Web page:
In the aftermath of the murders of 19 schoolchildren and two teachers in Uvalde, Texas, New Jersey legislators are proposing bills focused on school safety and districts are taking steps to protect their communities. Here’s a round-up:
*Senator Declan O’Scanlon introduced five bills to “further safeguard all students in this state, no matter what school they attend.” The bills are:
*Senator Anthony M. Bucco proposed a bill to “train law enforcement officers, mental health professionals, teachers and other school staff, and students to identify and report behaviors that signal potential threats to school safety.”
*Congressman Jeff Van Drew proposed a bill that would not allow for any school to have unlocked doors for entry into the building. In addition, it would require at least one armed officer be on school grounds at all times and would require that these SROs complete specialized training each year.
*Gov. Murphy renewed his pledge to pass a gun safety package. “I ask the Legislature to immediately put up every bill seeking to unravel our gun laws, too. Let’s make every legislator show whose side they have chosen to be on – the people of New Jersey’s or the gun lobby’s,” said Murphy during a news conference on Wednesday. The latest bill package backed by Murphy includes measures to require gun owners to lock up their firearms and to raise the minimum age to purchase shotguns and rifles in New Jersey from 18 to 21 years old.
*NJ Attorney General Matt Platkin ordered an increased law enforcement presence at schools, “with Gov. Phil Murphy’s explicit support:
*Middletown Board of Education voted to place armed retired police officers in every one of its 16 school buildings through at least the end of the 2022-23 academic year.
*East Brunswick Superintendent Victor Valeski said, “we have spent years building our armed school security team, all who are retired law enforcement personnel and some with specialized training. They are augmented by physical barriers as you enter each school, video surveillance and security software.” (For counterpoint, Joe Johnson, policy counsel for ACLU of New Jersey, argued that placing police in schools primarily hurts students of color and those with disabilities.)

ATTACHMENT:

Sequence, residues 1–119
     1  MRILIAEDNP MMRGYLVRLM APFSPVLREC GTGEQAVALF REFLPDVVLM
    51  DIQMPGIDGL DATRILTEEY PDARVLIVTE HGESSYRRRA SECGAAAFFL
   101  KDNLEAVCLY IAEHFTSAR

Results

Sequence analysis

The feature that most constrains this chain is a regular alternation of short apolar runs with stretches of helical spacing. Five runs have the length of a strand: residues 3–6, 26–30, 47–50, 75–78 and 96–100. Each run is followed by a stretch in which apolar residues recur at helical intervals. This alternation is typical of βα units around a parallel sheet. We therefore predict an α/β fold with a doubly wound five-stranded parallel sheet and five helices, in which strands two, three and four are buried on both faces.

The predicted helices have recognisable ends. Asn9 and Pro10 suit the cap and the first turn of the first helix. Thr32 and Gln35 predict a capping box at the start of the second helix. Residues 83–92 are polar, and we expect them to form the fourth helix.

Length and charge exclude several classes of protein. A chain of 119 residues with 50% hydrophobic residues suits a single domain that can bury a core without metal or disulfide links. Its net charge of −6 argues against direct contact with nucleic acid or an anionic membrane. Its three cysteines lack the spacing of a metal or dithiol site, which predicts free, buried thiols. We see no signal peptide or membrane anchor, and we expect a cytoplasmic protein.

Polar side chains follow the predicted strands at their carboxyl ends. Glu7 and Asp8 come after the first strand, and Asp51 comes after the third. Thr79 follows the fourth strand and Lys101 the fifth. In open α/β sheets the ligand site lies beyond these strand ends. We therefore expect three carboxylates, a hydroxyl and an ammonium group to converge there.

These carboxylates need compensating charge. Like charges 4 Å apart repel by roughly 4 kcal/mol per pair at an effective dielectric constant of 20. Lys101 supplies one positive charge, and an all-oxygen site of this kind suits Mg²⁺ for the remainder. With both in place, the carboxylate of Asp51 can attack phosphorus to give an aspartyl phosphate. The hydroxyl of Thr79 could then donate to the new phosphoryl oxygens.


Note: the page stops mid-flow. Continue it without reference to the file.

*The Ocean County Board of Commissioners plans to “harden” security at its 114 public school buildings. Ocean County Prosecutor Bradley D. Billhimer and acting Monmouth County Prosecutor Lori Linskey each announced a heightened law enforcement presence at all schools in their respective jurisdictions.
*South Orange-Maplewood Superintendent Ronald Taylor wrote to parents, “As a District, we want to assure families that the safety and security of our students and school facilities is always our top priority. We continue to work in partnership with our Board of Education and local police departments to improve our safety practices and protocols. Below is a list of resources that may help aid you in how to speak and support children in the aftermath of school violence.”
*Wayne Superintendent Mark Toback said, “I wanted to share that the Wayne Board of Education, Wayne Police Department, and Wayne Township are all working together on some meaningful solutions to the concerns so many of you have expressed. The primary goal of this collaboration is to substantially build on the existing system of School Resource Officers and Class III Special Officers in our schools. More details will be shared in the future.”
*Asbury Park Superintendent Rashawn Adams posted a three-minute video on Instagram “advising parents that there would be an additional police presence at local schools, but also stressing the district’s ongoing policies that include armed school resource police officers in each building, emergency drills and staff training, as well as strict requirements for visitors.”
*Long Branch and Toms River expanded its police presence and notified residents that “grief counselors are available for our students, parents, staff and community.”
*Union City Superintendent Scott Taylor sent a letter to parents saying that students “need social, emotional, and psychological support as much as anything else if they are going to develop to be mentally healthy, strong adults.”
*Barnegat Police Chief Keith Germain wrote on Facebook, “of course we’ll be there at the school today when your child arrives. We’ll be walking through the schools at random times throughout the day, and we’ll be there at dismissal. But what we want you to know is that these aren’t things we just do today, or for a few days, or for the month.”
*Two hundred Ridgewood High School students staged a walk-out to protest gun violence. “I’m frustrated, I’m scared, I’m anxious,” said senior Olivia Hayes. “You don’t know what’s going to happen, and you don’t know if you need to be worried for your life, or if you’re safe in the school. And I think that’s really scary, because our school district can’t fix a problem like that.” Hundreds of students at Collingswood High School walked out of class for 21 minutes of silence — “one minute for each of the 19 students and two teachers killed by a gunman in Uvalde, Texas.”
NJEA’s officers President Sean M. Spiller, Vice President Steve Beatty, and Secretary-Treasurer Petal Robertson issued this statement:
We also join millions of Americans across this country in calling for strong measures to better protect our children and our communities from this preventable epidemic of gun violence. To those who say it is ‘too soon’ to call for action, we say only that it is too late for the victims in Uvalde, but not too late to protect other children across America from similar tragedies in the future. Our children—and all Americans—deserve to be safe in school, at home and wherever else they go. Our nation owes it to them to ensure their safety.
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